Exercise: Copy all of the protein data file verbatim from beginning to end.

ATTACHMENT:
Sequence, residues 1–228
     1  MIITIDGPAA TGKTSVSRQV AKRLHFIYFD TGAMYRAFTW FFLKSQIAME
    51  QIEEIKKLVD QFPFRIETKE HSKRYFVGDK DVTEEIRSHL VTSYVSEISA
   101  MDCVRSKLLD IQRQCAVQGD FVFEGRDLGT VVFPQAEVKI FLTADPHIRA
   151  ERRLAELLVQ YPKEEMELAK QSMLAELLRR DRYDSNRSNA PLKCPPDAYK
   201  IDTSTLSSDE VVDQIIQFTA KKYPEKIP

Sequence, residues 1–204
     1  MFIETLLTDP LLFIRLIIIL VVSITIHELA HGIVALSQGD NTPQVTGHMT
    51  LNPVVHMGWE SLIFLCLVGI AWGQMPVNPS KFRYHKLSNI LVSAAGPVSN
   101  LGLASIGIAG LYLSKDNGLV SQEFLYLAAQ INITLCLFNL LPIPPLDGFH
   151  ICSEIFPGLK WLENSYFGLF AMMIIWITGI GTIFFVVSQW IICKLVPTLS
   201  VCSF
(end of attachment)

Sequence, residues 1–228
     1  MIITIDGPAA TGKTSVSRQV AKRLHFIYFD TGAMYRAFTW FFLKSQIAME
    51  QIEEIKKLVD QFPFRIETKE HSKRYFVGDK DVTEEIRSHL VTSYVSEISA
   101  MDCVRSKLLD IQRQCAVQGD FVFEGRDLGT VVFPQAEVKI FLTADPHIRA
   151  ERRLAELLVQ YPKEEMELAK QSMLAELLRR DRYDSNRSNA PLKCPPDAYK
   201  IDTSTLSSDE VVDQIIQFTA KKYPEKIP

Sequence, residues 1–204
     1  MFIETLLTDP LLFIRLIIIL VVSITIHELA HGIVALSQGD NTPQVTGHMT
    51  LNPVVHMGWE SLIFLCLVGI AWGQMPVNPS KFRYHKLSNI LVSAAGPVSN
   101  LGLASIGIAG LYLSKDNGLV SQEFLYLAAQ INITLCLFNL LPIPPLDGFH
   151  ICSEIFPGLK WLENSYFGLF AMMIIWITGI GTIFFVVSQW IICKLVPTLS
   201  VCSF